Washington DC (SPX) May 13, 2011
Liquid smoke flavoring made from hickory and other wood - a mainstay flavoring and anti-bacterial agent for the prepared food industry and home kitchens - may get a competitor that seems to be packed with antioxidant, antiallergenic and anti-inflammatory substances, according to a new study in ACS' Journal of Agricultural and Food Chemistry. It is the first analysis of liquid smoke produced from rice hulls, the hard, inedible coverings of rice grains.
Mendel Friedman, Seok Hyun Nam and colleagues explain that wood from trees is typically used to produce liquid smoke, added to meat and other foods for a smoky taste. But other types of plants can also be burned to make the popular seasoning. Rice is a prime candidate, with 680 millions tons produced worldwide each year.
Hulls account for 136 million tons of that amount and often go to waste. The researchers wondered rice hulls could be put to good use in a liquid form as a food flavoring, and did the first studies needed to determine if rice hull smoke is safe enough for food use.
The scientists found that liquid smoke from rice hulls may be healthful. Their tests on laboratory cell cultures found that liquid rice hull smoke worked as an antioxidant that could help fight off diseases. It also helped prevent inflammation, which is associated with many different health problems did not trigger an allergic response.
"New food uses of a major agricultural byproduct may benefit the environment, farmers, and consumers," the report stated. "However, it is necessary to demonstrate that rice hull smoke is safe. The present study was designed to contribute to this assessment."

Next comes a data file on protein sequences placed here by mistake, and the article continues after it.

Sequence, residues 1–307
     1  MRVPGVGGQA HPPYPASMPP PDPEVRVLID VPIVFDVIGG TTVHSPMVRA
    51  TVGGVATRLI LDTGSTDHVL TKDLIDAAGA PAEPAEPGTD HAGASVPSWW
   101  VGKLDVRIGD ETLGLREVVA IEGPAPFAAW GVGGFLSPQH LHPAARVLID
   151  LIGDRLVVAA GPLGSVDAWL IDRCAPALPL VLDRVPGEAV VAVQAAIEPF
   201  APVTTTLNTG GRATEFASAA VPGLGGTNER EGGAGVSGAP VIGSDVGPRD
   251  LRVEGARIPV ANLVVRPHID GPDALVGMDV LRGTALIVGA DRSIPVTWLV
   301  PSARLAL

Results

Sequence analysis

The authors acknowledge funding from the Rural Development Administration, Republic of Korea.
Share This Article With Planet Earth
American Chemical Society
Farming Today - Suppliers and Technology
Gent, Belgium (SPX) May 13, 2011
VIB/UGent researchers have unveiled a mechanism that can be used to develop crop varieties resistant to mild droughts. For years, improving drought tolerance has been a major aim of academic and industrial research, thereby focusing on effects of extreme drought stress. However, translating this research to the field has proven to be problematic. In a set of papers in Nature Biotechnology ... read more
India's new satellite beams high quality images|
Moscow court upholds ban against satellite image distributor
TRMM Maps a Wet Spring, 2011 for the Central U.S.
Venezuela parliament authorizes new satellite program with China
'Green' GPS saves fuel, energy
Apple update fixes iPhone tracking "bugs"
Russia, Sweden to boost space cooperation
GPS Operational Control Segment Enters Service With USAF
Reforesting rural lands in China pays big dividends
Fierce debate in Brazil over forestry protection
Rainforest ants use chemicals to identify which plants to prune
Tiger cub video triggers WWF call to save forests
Counteracting Biofuel Toxicity in Microbes
MIT Study: conventional fossil fuels sometimes 'greener' than biofuels
Joule Secures First of Multiple Sites to Host Solar Fuel Production
DoD Contracts for Advanced Biofuels Can Spur Technology Deployment
House GOP looking at alternative energy
Pairing Quantum Dots with Fullerenes for Nanoscale Photovoltaics
New technique improves artificial photosynthesis
Clear Skies Sign 162KW Contract
Evolutionary lessons for wind farm efficiency
Global warming won't harm wind energy production, climate models predict
Study: Warming won't lessen wind energy
Mortenson Construction to Build its 100th Wind Project
Eight trapped in flooded China mine: state media
Wyoming to expand coal mining
China mine explosion kills 11, two missing
Wyoming coal leases to be auctioned
US lawmakers fear impact of China crackdown
Europeans 'condescending' in human rights issues: China
Where is Ai Weiwei?
China hits out at Clinton over rights criticism
|The content herein, unless otherwise known to be public domain, are Copyright 1995-2010 - SpaceDaily. AFP and UPI Wire Stories are copyright Agence France-Presse and United Press International. ESA Portal Reports are copyright European Space Agency. All NASA sourced material is public domain. Additional copyrights may apply in whole or part to other bona fide parties. Advertising does not imply endorsement,agreement or approval of any opinions, statements or information provided by SpaceDaily on any Web page published or hosted by SpaceDaily. Privacy Statement|